To keep Aleteia free of charge and radiate the hope that is already within you,
As is tradition, on the evening of December 12, the feast of Our Lady of Guadalupe, Pope Francis celebrated Mass in St. Peter’s. His brief homily reflects his typical spiritual practice: Drawing insight from words, the smallest details of images, etc.
Here is an Aleteia translation of his reflection, which was given in Spanish.
The first thing that comes to mind is the image of the Virgin imprinted on the tilma.
It is the image of the first disciple, of the mother of believers, of the Church herself that is imprinted in the humility of what we are and have, which isn’t worth a lot, but will be something great in the eyes of God. It is imprinted in the tilma.
The Virgin requests of Juan Diego a small effort: to gather the flowers. The flowers, in mysticism, signify the virtues that the Lord instills in the heart; they are not our work. The act of gathering them reveals to us that God wants us to accept this gift, that we perfume our weak reality with good works, uprooting hate, fear.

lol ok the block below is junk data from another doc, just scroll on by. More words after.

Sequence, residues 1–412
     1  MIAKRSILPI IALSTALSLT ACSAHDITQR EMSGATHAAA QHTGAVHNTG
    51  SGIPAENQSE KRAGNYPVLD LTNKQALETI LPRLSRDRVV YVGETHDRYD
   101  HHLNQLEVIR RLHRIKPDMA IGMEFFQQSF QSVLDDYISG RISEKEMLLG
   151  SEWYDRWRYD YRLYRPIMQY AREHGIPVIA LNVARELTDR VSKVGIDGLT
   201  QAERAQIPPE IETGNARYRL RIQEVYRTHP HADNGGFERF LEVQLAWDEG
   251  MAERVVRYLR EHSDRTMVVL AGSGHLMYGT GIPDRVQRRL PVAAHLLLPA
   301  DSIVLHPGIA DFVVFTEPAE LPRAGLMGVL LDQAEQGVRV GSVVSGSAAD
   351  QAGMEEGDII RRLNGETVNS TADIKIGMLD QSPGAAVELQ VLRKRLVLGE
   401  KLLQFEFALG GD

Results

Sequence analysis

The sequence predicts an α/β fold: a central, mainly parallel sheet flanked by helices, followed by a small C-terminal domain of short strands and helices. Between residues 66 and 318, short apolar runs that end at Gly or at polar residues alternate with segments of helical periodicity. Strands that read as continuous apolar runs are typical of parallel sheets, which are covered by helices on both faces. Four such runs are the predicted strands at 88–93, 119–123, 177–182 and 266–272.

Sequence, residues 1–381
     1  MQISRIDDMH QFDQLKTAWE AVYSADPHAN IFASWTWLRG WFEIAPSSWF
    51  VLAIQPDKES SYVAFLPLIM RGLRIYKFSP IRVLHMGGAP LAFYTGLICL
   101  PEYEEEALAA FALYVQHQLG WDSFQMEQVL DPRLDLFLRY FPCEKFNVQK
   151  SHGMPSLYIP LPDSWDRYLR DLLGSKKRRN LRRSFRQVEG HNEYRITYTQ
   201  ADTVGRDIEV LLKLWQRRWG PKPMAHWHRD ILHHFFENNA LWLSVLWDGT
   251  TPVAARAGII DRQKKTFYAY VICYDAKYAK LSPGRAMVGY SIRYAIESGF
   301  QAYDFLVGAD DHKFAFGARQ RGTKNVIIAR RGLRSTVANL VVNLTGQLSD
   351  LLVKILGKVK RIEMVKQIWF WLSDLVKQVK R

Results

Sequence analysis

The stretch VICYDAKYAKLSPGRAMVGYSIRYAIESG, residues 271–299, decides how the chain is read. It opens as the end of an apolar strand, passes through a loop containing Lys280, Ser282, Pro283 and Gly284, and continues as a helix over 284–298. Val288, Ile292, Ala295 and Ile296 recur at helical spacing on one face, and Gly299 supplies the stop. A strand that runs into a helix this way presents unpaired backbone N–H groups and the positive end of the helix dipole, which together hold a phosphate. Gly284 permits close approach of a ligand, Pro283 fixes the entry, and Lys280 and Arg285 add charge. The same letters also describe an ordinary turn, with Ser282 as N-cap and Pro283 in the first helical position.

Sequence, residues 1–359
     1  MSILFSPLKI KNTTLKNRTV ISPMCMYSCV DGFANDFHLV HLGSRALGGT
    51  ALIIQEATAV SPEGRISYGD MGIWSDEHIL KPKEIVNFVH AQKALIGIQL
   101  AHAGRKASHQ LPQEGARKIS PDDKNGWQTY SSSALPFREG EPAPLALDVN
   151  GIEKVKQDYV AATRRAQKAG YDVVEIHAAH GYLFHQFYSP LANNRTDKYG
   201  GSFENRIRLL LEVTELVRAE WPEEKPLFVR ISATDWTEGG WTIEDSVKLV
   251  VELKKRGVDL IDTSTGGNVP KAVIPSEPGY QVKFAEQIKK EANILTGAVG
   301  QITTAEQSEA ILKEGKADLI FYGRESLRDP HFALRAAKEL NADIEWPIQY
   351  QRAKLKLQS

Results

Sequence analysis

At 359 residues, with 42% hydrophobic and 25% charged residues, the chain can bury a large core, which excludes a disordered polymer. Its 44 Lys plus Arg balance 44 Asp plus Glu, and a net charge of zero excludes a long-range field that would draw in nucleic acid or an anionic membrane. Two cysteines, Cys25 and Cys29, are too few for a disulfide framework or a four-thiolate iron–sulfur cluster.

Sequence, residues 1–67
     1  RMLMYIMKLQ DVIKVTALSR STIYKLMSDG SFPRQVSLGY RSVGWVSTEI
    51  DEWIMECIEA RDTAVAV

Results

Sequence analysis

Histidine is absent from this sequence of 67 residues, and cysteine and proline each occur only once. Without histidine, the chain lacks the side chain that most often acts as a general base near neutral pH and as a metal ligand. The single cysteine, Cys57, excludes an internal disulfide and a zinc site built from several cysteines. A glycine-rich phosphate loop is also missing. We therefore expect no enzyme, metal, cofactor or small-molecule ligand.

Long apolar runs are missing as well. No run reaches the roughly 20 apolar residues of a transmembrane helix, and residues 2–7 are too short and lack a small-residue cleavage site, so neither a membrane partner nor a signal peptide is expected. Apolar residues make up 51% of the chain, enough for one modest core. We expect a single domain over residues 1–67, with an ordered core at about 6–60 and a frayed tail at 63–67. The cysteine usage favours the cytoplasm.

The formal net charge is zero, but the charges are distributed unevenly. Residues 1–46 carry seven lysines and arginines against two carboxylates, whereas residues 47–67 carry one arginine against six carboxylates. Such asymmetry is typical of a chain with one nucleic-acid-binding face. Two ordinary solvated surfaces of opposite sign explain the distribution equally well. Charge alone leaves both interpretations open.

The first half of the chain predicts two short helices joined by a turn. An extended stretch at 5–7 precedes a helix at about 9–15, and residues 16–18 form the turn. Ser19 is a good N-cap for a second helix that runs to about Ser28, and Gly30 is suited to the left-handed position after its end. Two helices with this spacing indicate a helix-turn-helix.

If you notice, in the message of Guadalupe, the words of the Virgin: “Am I not here, I who am your mother?” take on a new meaning. This “am” of the Virgin, this “am [here]” is being permanently imprinted in our poor clothing, perfumed with virtue gathered in a world that seems incapable of producing it. Virtues that fill our poverty in the simplicity of small gestures of love, which progressively illumines our tilma, without us realizing it, with the image of a Church that carries Christ in her womb.
The image, the tilma, the roses: This is the message. Simple as that, without varnish. Together with the certainty that She is my mother, and that She’s here. And this message defends us from so many social and political ideologies that the Guadalupan episode is so often used to justify, to support, to bring in money. The Guadalupan message does not allow ideologies of any type. Just the image, the tilma, the roses.